Saturday, October 18, 2008

Yes, the truth hurts. But it's the TRUTH.

I don't usually on celebrity relationship dramas unless one of the parties involved is being extraordinarily obnoxious, such as Madonna with her divorce against Guy Ritchie.

Among the complaints in her "case" for why she's the injured party is the following tidbit from The Daily Mirror.

Madonna is building an extraordinary divorce case against Guy Ritchie, claiming he was a cruel and verbally-abusive husband who would belittle and ridicule her in front of others.

Lawyers for the singer, who was widely believed to be the dominant partner in the marriage, are putting together a dossier of incidents.

They include allegations that he told her she 'looked like a granny' on stage compared with her younger backing dancers. He is also alleged to have declared that she could not act, and was 'past it' after she turned 50.

Telling Madonna the truth is, apparently, cruel and abusive.

It is a TRUTH that Madonna can't act and never has been able to act. She embarrassed herself (and everyone else watching her because it was so awkward) in "Desperately Seeking Susan", "Shanghai Surprise", and "Dick Tracy".

It is a TRUTH that Madonna looks like a granny up there on stage with backup dancers who are less than half her age in some cases. It is TRUTH that one should stop dressing like a fetish hooker well before the age of 50 (at least in public).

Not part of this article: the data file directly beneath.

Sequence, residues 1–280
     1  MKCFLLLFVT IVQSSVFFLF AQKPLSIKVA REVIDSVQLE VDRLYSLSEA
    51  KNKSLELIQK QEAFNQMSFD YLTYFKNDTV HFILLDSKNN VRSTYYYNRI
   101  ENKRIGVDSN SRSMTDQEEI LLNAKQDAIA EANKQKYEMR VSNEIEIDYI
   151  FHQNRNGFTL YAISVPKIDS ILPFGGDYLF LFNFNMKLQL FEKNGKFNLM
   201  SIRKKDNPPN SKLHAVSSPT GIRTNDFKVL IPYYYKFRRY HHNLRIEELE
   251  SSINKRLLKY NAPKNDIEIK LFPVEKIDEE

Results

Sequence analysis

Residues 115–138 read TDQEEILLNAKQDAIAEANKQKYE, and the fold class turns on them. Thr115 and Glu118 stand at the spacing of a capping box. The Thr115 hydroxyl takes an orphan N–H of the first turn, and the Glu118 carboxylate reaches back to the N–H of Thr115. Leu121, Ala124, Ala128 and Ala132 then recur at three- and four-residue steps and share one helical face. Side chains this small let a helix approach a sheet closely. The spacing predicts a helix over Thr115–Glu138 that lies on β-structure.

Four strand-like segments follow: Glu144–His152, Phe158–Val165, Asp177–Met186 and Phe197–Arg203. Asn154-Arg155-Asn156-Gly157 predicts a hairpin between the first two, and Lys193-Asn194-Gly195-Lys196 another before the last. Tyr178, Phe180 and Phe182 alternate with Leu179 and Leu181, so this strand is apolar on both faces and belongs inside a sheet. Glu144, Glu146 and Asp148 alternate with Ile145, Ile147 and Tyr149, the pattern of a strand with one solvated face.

Tuesday, October 14, 2008

Partisan hack speaks of what he knows best

Dan Rather, an editorialist who managed to pass for a journalist for many years and whose shenananigans finally caught up with him when he eagerly based "news" on forged documents back in 2004, made some comments in advance of last night's presidential debate that were on a topic he's an expert in.

Here's what IMDB reported:

Former CBS Evening News anchor Dan Rather insisted Tuesday that the "so-called" presidential debates are not controlled by the journalists presiding over them but by the two political parties.

He accused his colleagues of showing too much deference to the candidates and operating in general in a "defensive posture" and imposing self-censorship on themselves.

"These so-called debates are not for the people, by the people," Rather said Tuesday at Time Warner's Politics 2008 Summit. "They are for the parties, by the parties. That's what's wrong with them."

Dan Rather is right. The debates we've been seeing haven't been debates at all. They've just been campaign commericals. And, since Rather is an expert in being a partisan media hack, there's no question he knows what he's talking about here.

And it's a shame. If Obama wasn't such a coward and had stood by his pledge to debate McCain "any time, any where"--remember, McCain tried to take him up on that offer with a bunch of townhalll-format debates but Obama turned him down flat--we might actually have gotten some real debates with real questions asked by moderators who weren't concerned with partisan books about to be published or with making sure they look good for the RNC and DNC goons who have bribed them.

I wonder why Rather is speaking out, though. Perhaps he is upset because his colleagues didn't make a greater effort to make the Democrat ticket look better by maybe working in a few more Obama slogans in the questions, or maybe he's still on a pointless crusade to convince everyone he was actually a serious journalist for the past couple of decades?